There is a VAT claim-back system in Thailand, but it is well structured from a revenue perspective (the Department of Revenue is the official name and in this regard is refreshingly honest and transparent) rather than from a buyer's perspective, that is. You can claim back VAT on purchases over a certain value, no question. However, to do so you have to present the items at the airport of departure with receipts and fill out a number of forms, all immediately prior to boarding. This is going to be difficult with your new generator, inverter or other item installed on your boat. Yacht-in-transit status is not much help because you need to be over a certain (huge) gross tonnage to qualify.

So bite the bullet and remember, autopilot is 3% duty, sonar and radar 1%, radio not much more, just don't try and get anything remotely "rubber" imported because this is one thing Thailand does a lot of and protects the market accordingly.

So why are products expensive?

Tax is only part of the story – freight is the other part. Virtually none of the gear travelling boats require is made in Thailand - it is all imported from somewhere else. In many cases it is made in China, imported to the country of distribution and re-exported to agents/representatives, incurring horrible freight and tax expenses, which the hapless consumer (us) must bear. Most local businesses will keep a certain amount of desirable stock on hand which has been priced (hopefully) on a consolidated freight cost.

So you want an item urgently that is not available. The freight charge may be more than the part is worth. On the other hand, freight and tax combined can kill you. Batteries, for example, have a 10% duty in Thailand, then a 10% luxury tax, then a 10% tariff on the duty, then 7% VAT; batteries are also heavy and the freight expense is cruel. Given the fact that real marine batteries are not available locally this may sound excessive, but Thai batteries (automotive) are available and the distinction has clearly not been made. Sea freight options may ease the pain somewhat if you have the time. Interesting that torch and such disposable batteries are dirt cheap.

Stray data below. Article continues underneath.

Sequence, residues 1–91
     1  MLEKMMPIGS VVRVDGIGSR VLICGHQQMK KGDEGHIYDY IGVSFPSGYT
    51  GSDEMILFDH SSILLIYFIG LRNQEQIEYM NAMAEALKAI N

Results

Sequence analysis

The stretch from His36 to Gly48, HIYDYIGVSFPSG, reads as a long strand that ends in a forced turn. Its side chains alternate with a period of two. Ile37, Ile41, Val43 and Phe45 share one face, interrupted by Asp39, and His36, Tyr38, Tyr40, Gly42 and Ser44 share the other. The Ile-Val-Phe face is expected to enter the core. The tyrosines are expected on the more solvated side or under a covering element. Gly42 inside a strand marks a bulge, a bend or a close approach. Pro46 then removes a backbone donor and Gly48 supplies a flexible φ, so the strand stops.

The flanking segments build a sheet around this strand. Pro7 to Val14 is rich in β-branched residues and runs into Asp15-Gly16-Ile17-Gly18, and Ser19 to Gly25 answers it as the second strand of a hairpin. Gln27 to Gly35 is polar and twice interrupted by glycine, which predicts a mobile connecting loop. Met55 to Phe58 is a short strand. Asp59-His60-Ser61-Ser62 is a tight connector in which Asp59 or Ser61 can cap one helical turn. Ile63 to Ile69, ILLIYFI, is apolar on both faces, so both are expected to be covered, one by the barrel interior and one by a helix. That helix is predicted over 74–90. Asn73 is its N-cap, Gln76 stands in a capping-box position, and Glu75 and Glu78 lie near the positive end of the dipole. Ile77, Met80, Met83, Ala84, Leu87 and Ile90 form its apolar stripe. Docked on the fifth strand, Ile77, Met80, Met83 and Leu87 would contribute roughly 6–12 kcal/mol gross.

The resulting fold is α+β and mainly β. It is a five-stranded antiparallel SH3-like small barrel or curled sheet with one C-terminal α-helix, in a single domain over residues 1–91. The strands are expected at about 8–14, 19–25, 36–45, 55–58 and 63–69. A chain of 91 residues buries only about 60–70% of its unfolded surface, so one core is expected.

Painting Work

Painting boats seems to be a popular industry in Phuket. High-end facilities are available, and there are a couple of big sheds that can do the whole job under cover. These are well patronised by high worth vessels and the job is not cheap - as is correct for top quality. On the other hand, there are numerous locally owned companies who will paint your boat on the hardstand in the open to a greater or lesser extent. It is common to see a boat lifted and a temporary structure of poles, scaffold, plastic or canvas quickly take shape and cover the site.

So for a reasonable fee you can largely take the weather out of the picture, save on hardstand fees and have a better chance of achieving your impossible, unrealistic, Western-derived schedule. So if you are prepared to get involved in the job and deal with some language barriers and cultural differences, the Phuket paint job may be for you.

John Champion comments, “I have seen plenty of first-class jobs for great prices. One 43-footer re-sprayed for 100,000 Baht (say $3000 US at the time) represented exceptional value; I will be seeking this guy in the future”.

There can also be a great deal of frustration too, especially if the make-shift tent you thought you ordered to protect your boat while being painted, fails to materialise.

Electrical Work

Have a look at the municipal wiring in Phuket. This is a real work of art. With such examples of electrical excellence is it any wonder there are bad jobs on boats? By no means is this confined to Thailand, but many an owner, lured by attractive build costs, has taken delivery of the vessel to discover that every wire, cable and connection on board is black, unlabelled and well, haphazard. There's another inherent issue here, hazard, which is clearly the case. Try and get this fixed under warranty. Involvement at some level is the only option.

Other Work

Many cruisers with boats suffering from Osmosis use the cost-effective method of taking the hard in Phuket, strip back to fibre and leave it over the wet season. No need to wash the hull incessantly, about three million litres of rain will do the job for you and a couple of months in the dry season will do the rest before re-coating. This is fairly popular and seems very logical.

Pitfalls